Food insecurity will get worse before it gets better, here's how you can help speed up recovery

Posted at 8:28 PM, May 05, 2020
and last updated 2020-05-05 22:36:21-04

CAPE CORAL, FLA — Economists and those who study social work, like FGCU's Thomas Felke, MSW, Ph.D. say that's the raw and honest truth when it comes to talking about the impact COVID-19 will have on wallets and stomachs in our area.

"The bad news is we don't know how bad this is going to look," said Felke.

When it comes to food, Felke says before COVID-19's impact there were already hundreds of people in southwest Florida who were food insecure, meaning they didn't know where their next meal was coming from.

And now, because of lost jobs, lost income and a slowed economy, that net is widening.

"Some economists are looking at this and saying that there could be impacts that are felt two generations beyond where we are currently," said Felke.

But with the bad, there's also some good.

"There is going to be ongoing, long-term lasting impacts from this pandemic and we need to stay together and continue to support each other in the way that our community really has done an excellent job in doing," said Felke.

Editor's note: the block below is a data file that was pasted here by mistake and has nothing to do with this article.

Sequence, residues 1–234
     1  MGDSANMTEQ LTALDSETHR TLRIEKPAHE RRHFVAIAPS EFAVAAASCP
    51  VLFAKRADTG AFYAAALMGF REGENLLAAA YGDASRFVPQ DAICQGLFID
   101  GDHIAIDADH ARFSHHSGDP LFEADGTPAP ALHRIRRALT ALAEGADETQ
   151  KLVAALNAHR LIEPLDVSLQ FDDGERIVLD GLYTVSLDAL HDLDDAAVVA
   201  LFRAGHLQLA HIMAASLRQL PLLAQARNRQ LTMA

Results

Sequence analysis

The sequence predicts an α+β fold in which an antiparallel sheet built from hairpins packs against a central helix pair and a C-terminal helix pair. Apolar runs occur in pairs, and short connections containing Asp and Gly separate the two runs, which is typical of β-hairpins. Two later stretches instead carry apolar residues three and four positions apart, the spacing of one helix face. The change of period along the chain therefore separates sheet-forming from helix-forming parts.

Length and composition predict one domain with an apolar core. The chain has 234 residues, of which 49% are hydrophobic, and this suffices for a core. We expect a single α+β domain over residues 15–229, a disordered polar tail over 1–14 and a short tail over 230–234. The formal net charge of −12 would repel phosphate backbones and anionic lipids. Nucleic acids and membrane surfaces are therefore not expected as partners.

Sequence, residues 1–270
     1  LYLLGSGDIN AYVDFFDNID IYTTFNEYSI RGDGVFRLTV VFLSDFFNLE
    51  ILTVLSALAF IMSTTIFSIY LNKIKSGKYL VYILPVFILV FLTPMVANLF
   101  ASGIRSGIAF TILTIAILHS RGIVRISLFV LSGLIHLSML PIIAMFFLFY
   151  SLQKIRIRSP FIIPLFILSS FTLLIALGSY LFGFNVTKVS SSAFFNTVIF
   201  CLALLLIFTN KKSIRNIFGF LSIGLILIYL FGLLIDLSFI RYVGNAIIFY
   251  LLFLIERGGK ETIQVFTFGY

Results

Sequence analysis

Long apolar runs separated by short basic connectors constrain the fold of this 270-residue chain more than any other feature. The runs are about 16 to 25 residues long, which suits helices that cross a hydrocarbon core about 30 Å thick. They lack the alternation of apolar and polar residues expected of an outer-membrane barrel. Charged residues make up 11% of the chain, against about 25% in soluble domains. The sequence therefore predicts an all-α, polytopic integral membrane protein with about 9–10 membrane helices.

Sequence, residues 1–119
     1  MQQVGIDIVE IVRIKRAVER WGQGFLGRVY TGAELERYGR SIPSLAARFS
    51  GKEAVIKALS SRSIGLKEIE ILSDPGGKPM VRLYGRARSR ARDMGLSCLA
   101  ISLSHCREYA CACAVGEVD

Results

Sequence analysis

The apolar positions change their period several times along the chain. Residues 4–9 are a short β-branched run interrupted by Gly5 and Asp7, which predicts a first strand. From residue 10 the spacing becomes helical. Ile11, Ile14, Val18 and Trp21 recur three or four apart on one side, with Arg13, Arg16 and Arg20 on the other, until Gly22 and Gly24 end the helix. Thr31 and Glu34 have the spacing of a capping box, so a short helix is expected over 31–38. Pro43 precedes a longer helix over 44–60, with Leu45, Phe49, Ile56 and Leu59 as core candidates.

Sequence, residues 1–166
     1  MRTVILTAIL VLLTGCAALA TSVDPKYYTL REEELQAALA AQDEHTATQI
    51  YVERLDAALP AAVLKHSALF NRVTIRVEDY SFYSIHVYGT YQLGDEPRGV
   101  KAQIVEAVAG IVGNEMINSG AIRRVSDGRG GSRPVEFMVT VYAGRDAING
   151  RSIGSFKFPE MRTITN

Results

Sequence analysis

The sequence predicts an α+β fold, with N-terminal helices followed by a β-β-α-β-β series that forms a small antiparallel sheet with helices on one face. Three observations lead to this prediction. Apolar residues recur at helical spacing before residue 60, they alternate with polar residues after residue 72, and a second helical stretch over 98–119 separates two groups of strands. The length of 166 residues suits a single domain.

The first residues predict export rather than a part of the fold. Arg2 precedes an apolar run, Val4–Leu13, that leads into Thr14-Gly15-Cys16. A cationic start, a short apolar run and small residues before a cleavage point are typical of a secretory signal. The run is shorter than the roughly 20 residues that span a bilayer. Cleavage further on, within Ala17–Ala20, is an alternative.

Felke adds that one quick and easy way to help is to support a local food bank or organization that helps feed people.

And while giving money is great, that isn't the only way to pitch in.

"I think getting out and volunteering once it's safe to do so. I know that a lot of the organizations that are providing these services are adhering very strictly to the CDC guidelines," said Felke.

If you need help getting groceries in the house, or you want to help out at a food pantry, click here to access FGCU's COVID-19 dashboard with links to those resources and more.

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